This innovative advertising comes in addition to the company's Web Services Blog which uses a hired product evangelist. At the site, we noted some exercised subtlety in that the blog is hosted on Typepad, rather than amazon.com. The company seems to be implementing a grassroots internet strategy as implied by their following post.

Nowadays, Anything and everything that has a high "coolness-factor" gets immediate attention from the crowd. This is indeed leveling the playing field. With services like Amazon S3 and Amazon EC2, I believe there will be no difference between the student in the dorm room and the executive in the board room. The one with the best idea or coolest idea will win the game. And the one who gets there fast will be rich ;-)

As we've said before when referring to a viral-style video from IBM (NYSE:IBM), we see innovative web-based marketing strategies as cheap ways to potentially hit marketing home runs. It will be interesting to see how the Amazon's web services develop and heck who knows we could end up being a customer one day.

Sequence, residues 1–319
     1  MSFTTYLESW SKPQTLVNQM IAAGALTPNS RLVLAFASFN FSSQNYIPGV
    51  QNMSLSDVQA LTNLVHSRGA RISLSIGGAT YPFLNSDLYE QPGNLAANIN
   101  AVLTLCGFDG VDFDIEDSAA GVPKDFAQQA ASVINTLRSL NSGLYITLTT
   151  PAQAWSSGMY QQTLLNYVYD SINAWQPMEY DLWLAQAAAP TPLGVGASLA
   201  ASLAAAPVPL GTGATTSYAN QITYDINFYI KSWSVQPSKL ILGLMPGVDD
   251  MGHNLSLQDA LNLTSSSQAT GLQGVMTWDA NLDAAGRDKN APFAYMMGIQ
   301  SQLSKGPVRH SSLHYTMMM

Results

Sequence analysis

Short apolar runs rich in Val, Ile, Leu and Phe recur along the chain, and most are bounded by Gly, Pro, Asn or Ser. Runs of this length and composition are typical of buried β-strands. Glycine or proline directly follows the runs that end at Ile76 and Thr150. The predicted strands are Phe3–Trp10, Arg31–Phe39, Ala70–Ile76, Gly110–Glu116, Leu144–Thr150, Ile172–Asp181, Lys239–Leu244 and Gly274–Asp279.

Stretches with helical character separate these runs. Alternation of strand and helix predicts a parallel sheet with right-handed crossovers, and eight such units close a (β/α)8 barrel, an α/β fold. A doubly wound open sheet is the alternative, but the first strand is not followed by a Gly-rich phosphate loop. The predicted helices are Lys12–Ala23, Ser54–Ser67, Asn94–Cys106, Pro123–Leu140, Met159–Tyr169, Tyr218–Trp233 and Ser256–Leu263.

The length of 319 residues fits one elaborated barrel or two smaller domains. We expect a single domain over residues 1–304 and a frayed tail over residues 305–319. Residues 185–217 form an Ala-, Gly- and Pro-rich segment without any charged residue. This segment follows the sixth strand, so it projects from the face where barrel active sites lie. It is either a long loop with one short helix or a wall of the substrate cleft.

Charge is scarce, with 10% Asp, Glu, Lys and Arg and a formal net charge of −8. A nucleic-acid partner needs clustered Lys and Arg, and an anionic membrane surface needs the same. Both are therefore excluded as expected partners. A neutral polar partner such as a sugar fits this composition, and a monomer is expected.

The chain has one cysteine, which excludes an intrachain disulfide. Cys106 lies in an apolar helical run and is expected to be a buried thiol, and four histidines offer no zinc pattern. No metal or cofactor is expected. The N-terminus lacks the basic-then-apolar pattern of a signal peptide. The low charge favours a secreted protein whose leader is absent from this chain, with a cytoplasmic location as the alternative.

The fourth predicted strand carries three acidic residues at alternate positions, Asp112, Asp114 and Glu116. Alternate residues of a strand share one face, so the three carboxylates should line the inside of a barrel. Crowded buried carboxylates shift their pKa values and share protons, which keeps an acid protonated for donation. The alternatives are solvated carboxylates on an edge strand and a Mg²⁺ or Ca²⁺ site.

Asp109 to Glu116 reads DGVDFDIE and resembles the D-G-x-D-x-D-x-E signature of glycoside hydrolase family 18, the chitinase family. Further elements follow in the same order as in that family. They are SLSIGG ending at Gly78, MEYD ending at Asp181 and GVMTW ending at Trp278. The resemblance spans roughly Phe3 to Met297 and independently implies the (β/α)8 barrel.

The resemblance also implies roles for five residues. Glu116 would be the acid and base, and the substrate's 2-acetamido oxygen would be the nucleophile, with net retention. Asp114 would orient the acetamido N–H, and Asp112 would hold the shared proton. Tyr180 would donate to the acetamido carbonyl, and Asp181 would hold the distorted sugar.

Talking of which we have put some of the books that we have mentioned on this blog in an "astore" that we have called the "globalisation and the environment bookstore". This seems to be a neat way of allowing people to see our reviews and comments on a book without cluttering up the sidebar (even more).

Does anyone think Second Life needs some economists? Surely there must be room for at least one environmental economist even if there is no actual environment.

1 comment:

Taran Rampersad said...

There is an environment, just not an environment you can recognize as one. The metaphors are there, though.

The globalization aspects transcend the obvious multinationals, of course. There are many people from around the world taking part in a global economy. Tracking multinational trends is pretty easy compared to global businesses of atomic proportions. :-)